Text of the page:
Dan served as director of planning for the city of West Palm Beach from 1999-2003 and led the effort of implementing Duany Plater-Zyberk & Company’s Downtown Revitalization Master Plan. Prior to this post, he served as director of planning for the South Florida Water Management District from 1994-2003. There he helped manage the Everglades Restoration Plan to successfully address the complexities of urban and environmental planning in the most ecologically complex watershed in the world.
Under his leadership as executive director of The Treasure Coast Regional Planning Council from 1985-1994, TCRPC earned a national reputation as an innovative leader in growth management and environmental policy development and implementation. The Council was first to develop regional wetland and upland preservation policies and lead the nation and Florida in the implementation and promotion of new urbanism and smart growth development approaches. The organization and methodologies developed during Cary’s tenure have continued intact to this day. In 2005, Treasure Coast Regional Planning Council was awarded the first ever John Nolen Medal for contributions to new urbanism in Florida.
A resident of Sewell’s Point, Dan died after a 10-year battle with leukemia. He is survived by his wife, Meriliz, and his children, Arthur and Lia.
Kevin Tyjeski, AICP, CNU, LEED-AP (1959-2013)
APA Florida and the Orlando Metro Section lost a dedicated member in 2013 with the death of Kevin Tyjeski.
Before joining the City of Orlando, Kevin worked in both the public and private sector in Wisconsin and Florida, including Donohue Engineers & Architects in Madison, the City of Ormond Beach, and Universal Studios Florida in project development.
Beginning with the City in 1995 as Chief Planner for the Comprehensive Planning Division, Kevin led the effort which resulted in Orlando being designated a “Certified Community” under the Local Government Comprehensive Planning Certification Program. The City, through Kevin’s deft guidance, has maintained its Certified status to this day.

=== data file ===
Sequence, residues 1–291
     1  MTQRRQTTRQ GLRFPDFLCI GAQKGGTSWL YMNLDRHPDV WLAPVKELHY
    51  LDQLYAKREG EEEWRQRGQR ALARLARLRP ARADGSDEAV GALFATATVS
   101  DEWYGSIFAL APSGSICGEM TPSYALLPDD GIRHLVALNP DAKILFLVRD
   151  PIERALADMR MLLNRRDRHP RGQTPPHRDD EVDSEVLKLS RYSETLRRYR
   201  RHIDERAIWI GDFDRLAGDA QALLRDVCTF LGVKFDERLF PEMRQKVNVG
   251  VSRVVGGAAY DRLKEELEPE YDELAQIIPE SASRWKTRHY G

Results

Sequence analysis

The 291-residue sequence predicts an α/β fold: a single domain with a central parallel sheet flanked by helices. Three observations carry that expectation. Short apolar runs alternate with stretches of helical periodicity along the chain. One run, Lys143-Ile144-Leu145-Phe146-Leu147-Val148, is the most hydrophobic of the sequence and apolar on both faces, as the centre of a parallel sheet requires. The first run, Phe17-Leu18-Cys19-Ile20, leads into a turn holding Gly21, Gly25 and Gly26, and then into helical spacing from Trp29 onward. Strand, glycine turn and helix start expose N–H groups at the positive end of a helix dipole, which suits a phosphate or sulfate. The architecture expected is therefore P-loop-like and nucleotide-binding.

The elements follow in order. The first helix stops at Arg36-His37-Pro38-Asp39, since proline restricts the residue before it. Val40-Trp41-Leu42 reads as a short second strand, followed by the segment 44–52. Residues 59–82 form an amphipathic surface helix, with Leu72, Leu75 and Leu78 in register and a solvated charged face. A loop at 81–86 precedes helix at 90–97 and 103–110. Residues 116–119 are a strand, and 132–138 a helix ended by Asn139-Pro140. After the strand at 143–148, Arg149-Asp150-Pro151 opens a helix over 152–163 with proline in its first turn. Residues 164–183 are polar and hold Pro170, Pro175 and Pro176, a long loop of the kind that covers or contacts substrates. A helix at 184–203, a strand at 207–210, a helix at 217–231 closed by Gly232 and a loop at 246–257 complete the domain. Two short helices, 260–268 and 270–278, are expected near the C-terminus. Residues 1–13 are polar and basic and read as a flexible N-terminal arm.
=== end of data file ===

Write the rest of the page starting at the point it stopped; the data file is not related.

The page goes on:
Kevin became City Planning Manager in 2003, overseeing all major development proposals in Orlando, ensuring that they remained true to the City’s Vision. In this role, Kevin was intimately involved in establishing and enforcing the policies and development guidelines for Orlando’s Baldwin Park, one of the best and most successful new urban developments in Florida, and perhaps the nation. It has been visited and studied as a model for large scale, mixed-use, walkable communities by planning, development and urban design experts from the United States, Great Britain, Australia and Canada. Kevin obliged all requests for tours and freely provided his in-depth analysis to both students and interested design professionals of what worked well, what did not work so well, and what could have been done better. Kevin had been writing a history of the development of Baldwin Park from its early days as the Orlando Naval Training Center, though the base closure and redevelopment process including the last 10 years of implementation.
Kevin was promoted to Deputy Economic Development Director in 2011. Even as Deputy Director, Kevin remained intimately involved in developments that would reshape the City. Because of his perpetually calm demeanor and extensive real-world knowledge of what works and what does not work, he was able to educate citizens, public officials and developers into like-mindedness regarding project principles, strategies and design implementation.
Kevin was passionate about city planning and in particular the new urbanism. In the early 2000s, Kevin, along with several other local planners and designers, began holding monthly discussions regarding creation of a local chapter of the Congress of the New Urbanism (CNU). These meetings led to Florida becoming the first State Chapter of CNU in 2003. The first three State Chapter conferences were held at Rollins College, 2005-2007. The local “Orlando regional section” still meets monthly to learn about local projects and trends in new urbanism. He was a regular attendee and presenter at Florida Chapter and national APA conferences, and he served on our Chapter Legislative Policy committee from 2006 through 2010.